Russia: reporting in charitable organisations
Organisations most often present quantitative data in their reports to founders a survey finds
The Donors Forum investigated the finer details of reporting in charitable organisations.
On September 3, the Donors Forum presented the results of their eighth report. This time, the methods of reporting to founders of charitable foundations, CSOs and charity companies were under the investigative lens. In August 2021, the Donors Forum surveyed 19 respondents from the corporate sector and private charitable foundations. Their beneficiaries are people in difficult life situations, ranging from the elderly to individuals with disabilities, as well as CSOs, cultural institutions and small and medium-sized businesses.
Most often (68%) respondents claimed they would present results in-person, usually via a presentation showcasing the results of their work. 42% of respondents would present their findings online.
Two-thirds of the survey participants submit reports to their organisation’s founders once a year. About 15% prepare reports quarterly and 10% every six months.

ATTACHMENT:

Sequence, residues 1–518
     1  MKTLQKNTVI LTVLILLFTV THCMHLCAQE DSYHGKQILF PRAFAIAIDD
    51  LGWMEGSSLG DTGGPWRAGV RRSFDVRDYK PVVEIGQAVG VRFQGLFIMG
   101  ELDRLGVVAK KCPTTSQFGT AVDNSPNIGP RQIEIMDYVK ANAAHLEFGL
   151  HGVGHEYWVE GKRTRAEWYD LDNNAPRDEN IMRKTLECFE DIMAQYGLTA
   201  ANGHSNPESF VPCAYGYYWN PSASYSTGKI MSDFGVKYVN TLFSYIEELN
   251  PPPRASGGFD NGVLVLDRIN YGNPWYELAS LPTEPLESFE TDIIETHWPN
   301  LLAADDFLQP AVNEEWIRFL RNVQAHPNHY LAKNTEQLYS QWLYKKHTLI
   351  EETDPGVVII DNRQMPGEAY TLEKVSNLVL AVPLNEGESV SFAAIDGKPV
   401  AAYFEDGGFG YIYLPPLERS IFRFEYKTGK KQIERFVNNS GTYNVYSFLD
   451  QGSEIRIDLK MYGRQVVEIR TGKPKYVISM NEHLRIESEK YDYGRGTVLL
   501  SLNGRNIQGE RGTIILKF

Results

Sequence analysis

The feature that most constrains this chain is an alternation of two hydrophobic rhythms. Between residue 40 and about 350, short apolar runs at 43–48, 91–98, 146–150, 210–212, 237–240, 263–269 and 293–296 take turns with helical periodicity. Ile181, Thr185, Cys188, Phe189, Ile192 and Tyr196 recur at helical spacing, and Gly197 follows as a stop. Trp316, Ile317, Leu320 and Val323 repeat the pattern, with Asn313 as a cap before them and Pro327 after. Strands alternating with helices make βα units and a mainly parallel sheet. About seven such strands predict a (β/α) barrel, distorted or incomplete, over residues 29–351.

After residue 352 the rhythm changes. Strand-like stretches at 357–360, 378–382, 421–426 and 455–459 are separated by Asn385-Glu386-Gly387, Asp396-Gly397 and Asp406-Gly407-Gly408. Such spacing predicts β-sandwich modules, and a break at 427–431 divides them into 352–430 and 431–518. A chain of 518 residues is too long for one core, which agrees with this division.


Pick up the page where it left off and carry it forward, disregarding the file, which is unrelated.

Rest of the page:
52% said that the report is presented by the director or president of the organisation, in 10% of cases this is alongside the project manager.
95% stated that results are included in reports in the form of quantitative data: the number of people who received aid, the number of event volunteers, publications in the media.
63% indicated the amount of funds and resources raised. The same percentage included information on social results.
53% made reference to social effects and changes brought about by their organisations.
“Individual organisations record the results of organisational changes, as well as conclusions, areas for development, prospects and plans for the coming year,” said the Donors Forum.
The administration of reports, as well as the content, were noted as problems faced by respondents. Difficulties often arise with the collection and processing of large amounts of data, photographs and statistics.
Translated by Holly Battye